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To Assume, Or Not To Assume; It’s Never A Question

30 Jun

Back in the day when I was fighting my way through the crazy corporate jungle which was full of bigger -than-their -BMW’s-business egos (compensating for their insecurities and other “shortcomings), I had many an idiot of a boss.  One in particular.

But, ironically, this is the idiot that left one piece of advice that has always stayed with me:

“Never assume.”

This man doesn’t deserve any more of a mention but the other day those words struck a chord.

Waiting in line for my much-needed coffee, a lady tapped me on the shoulder and while pointing to the twinlets said, “Oh, please do tell me some of your nanny friends so I can refer either you or them to my daughter.  She’s looking for someone at the moment…and you seem to be doing a fabulous job with those twins…”

“Haha, I should think so.  After all, I am their mother…” I replied, trying to contain my urge to whack the tactless lady in the head.

Arriving at playgroup, I told the other mums about my run-in.  One mum knew exactly where I was coming from.  She is Hungarian; Her husband is of Filipino background; Their little boy is his dad’s mini-me.

Another mum made an interesting point.

“She just should’ve just asked straight up if they were yours.  At least she could’ve saved herself the embarrassment.”

And although I almost despise being asked that question too (It’s up there with “Are they IVF ?”), I think my mum friend is right.

I started thinking about assumptions and tried to recall a time where they have every played a positive role.

Being an Indonesian born Australian, I’ve been dumped with a few in my life.

There was the time a QANTAS flight attendant was frustrated with all the Indonesian passengers who couldn’t speak (shock !  horror !) English on a flight from Jakarta to Sydney.  Getting peeved at having to repeatedly explain that the dinner choices were either fish or chicken, by the time he came around to me, he spoke so slowly and yet in an impatient and rude manner.

I turned on my thickest of Aussie accents and twang:  “Um, dunno.  Maybe the chicken, but what’s in the fish ?”

I’ll never forget his look of shame and his lame attempt to explain his bad behaviour.

Then there was the awful time when my dad had a seizure in the middle of a road trip and we had to race him to the nearest hospital.  While waiting for his CT scan results in the emergency room, a nurse started speaking candidly to his colleague about my dad’s condition, thinking he and his family who were in the room didn’t speak English.

There will always be morons in this world.  There’s no denying that.

But I think assumptions can be prevented.  (And likewise, I definitely need some hard-up lessons of my own).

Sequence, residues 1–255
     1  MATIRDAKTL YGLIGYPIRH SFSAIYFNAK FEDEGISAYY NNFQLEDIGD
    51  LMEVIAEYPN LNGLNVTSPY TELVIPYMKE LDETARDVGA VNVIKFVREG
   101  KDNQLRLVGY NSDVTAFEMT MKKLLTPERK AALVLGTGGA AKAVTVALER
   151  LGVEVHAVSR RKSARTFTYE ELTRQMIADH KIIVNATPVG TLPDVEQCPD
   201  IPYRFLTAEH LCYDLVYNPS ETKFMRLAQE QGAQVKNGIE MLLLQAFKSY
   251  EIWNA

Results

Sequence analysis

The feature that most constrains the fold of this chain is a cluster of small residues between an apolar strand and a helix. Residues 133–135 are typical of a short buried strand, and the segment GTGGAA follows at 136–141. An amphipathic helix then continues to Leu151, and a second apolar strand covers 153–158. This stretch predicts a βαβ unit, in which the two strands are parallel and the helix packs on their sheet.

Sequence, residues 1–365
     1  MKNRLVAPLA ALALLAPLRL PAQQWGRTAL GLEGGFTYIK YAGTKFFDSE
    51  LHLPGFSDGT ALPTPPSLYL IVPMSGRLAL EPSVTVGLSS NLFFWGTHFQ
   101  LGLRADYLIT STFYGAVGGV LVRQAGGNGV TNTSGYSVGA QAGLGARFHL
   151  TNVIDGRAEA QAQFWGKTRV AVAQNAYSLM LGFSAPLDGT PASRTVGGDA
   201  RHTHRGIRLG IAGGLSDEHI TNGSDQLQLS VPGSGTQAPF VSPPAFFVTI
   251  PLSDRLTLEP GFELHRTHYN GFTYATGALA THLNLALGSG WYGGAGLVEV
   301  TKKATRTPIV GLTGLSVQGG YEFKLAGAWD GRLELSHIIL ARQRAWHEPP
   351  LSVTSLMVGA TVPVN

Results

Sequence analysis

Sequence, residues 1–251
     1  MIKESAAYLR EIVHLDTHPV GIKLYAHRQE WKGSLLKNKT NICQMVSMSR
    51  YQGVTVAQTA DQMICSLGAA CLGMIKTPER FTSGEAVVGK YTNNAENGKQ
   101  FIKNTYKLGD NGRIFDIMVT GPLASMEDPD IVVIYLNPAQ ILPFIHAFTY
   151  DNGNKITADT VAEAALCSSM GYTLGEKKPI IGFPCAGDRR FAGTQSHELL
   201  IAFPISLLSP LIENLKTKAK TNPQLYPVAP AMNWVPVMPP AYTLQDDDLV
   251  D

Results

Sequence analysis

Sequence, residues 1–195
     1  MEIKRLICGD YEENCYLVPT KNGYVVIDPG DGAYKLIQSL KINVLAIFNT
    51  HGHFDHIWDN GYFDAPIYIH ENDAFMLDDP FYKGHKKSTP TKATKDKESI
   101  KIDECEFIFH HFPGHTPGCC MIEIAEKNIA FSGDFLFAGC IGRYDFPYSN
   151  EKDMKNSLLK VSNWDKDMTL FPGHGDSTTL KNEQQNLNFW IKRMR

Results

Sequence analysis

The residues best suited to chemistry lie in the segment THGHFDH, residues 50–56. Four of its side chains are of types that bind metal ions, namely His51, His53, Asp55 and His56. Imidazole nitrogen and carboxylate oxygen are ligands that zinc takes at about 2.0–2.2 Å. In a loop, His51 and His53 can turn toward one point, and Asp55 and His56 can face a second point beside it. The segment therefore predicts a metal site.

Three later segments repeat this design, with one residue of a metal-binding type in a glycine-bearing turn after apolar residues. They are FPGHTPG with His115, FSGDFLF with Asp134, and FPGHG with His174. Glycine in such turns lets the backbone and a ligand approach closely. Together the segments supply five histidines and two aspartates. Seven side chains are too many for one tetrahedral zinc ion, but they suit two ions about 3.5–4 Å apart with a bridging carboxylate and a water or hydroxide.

Perhaps, we could argue that they aren’t as severe as unsolicited judgements or criticisms.  One could even see them as harmless.

Yet, my life experiences tell me differently.  I think assumptions can be the root and the stem of the yuckiness and negativity of close-mindedness and prejudice.

Feel free to correct me, if I’m wrong.

Anywhoooo…ending on a lighter note.

Here is the latest photo of me and the twinlets:

Please, please, pretty please tell me that  you can see a teeny tiny resemblence of me in them.

The flat nose ?  The squidgy lips ? Anything ?

Lies and far-stretched truths will be happily accepted 🙂

The Unspoken Dissent of Twins

28 Jun

During their 6 month check up, our paediatrician made an interesting comment:

“I know it’s hard with twins at the moment.  But just wait and see.  They’ll be each other’s company and entertainment.  You won’t have to worry about finding things to do.  You’ll have it much easier than parents of single babies.”

I clung to those words like superglue.  Waiting earnestly for the days of self-sufficiency.

And we’re here.  And to a large degree, he was right.

Largely, people are correct to assume that twins means a natural closeness.  An inseperable bond.  A happy harmony.

But no one mentions the flip-side; the clash of opposing personalities.

Just because they’re twins, they will still go through sibling rivalry.

Even in the womb, Little K was dominating by nature.  After all, he was the one that took up two-thirds of the nutrients from the placenta.  He was also the one that did most of the kicking and swirling around.

On the other hand, Little N was placid.  He was happily snug in the downward position two weeks before the scheduled C-section delivery.  Sometimes in the middle of the night, with Hubby spooning me and both of us with our hands on my belly, we would wait and wait for Little N to finally make some movement.